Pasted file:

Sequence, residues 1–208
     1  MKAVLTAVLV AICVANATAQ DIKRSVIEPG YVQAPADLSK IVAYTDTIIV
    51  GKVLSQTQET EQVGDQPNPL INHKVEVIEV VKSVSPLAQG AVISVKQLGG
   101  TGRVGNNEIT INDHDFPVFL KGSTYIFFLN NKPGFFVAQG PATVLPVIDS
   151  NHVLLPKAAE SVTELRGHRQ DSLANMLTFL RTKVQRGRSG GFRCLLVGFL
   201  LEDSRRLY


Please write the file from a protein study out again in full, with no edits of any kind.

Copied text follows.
Sequence, residues 1–208
     1  MKAVLTAVLV AICVANATAQ DIKRSVIEPG YVQAPADLSK IVAYTDTIIV
    51  GKVLSQTQET EQVGDQPNPL INHKVEVIEV VKSVSPLAQG AVISVKQLGG
   101  TGRVGNNEIT INDHDFPVFL KGSTYIFFLN NKPGFFVAQG PATVLPVIDS
   151  NHVLLPKAAE SVTELRGHRQ DSLANMLTFL RTKVQRGRSG GFRCLLVGFL
   201  LEDSRRLY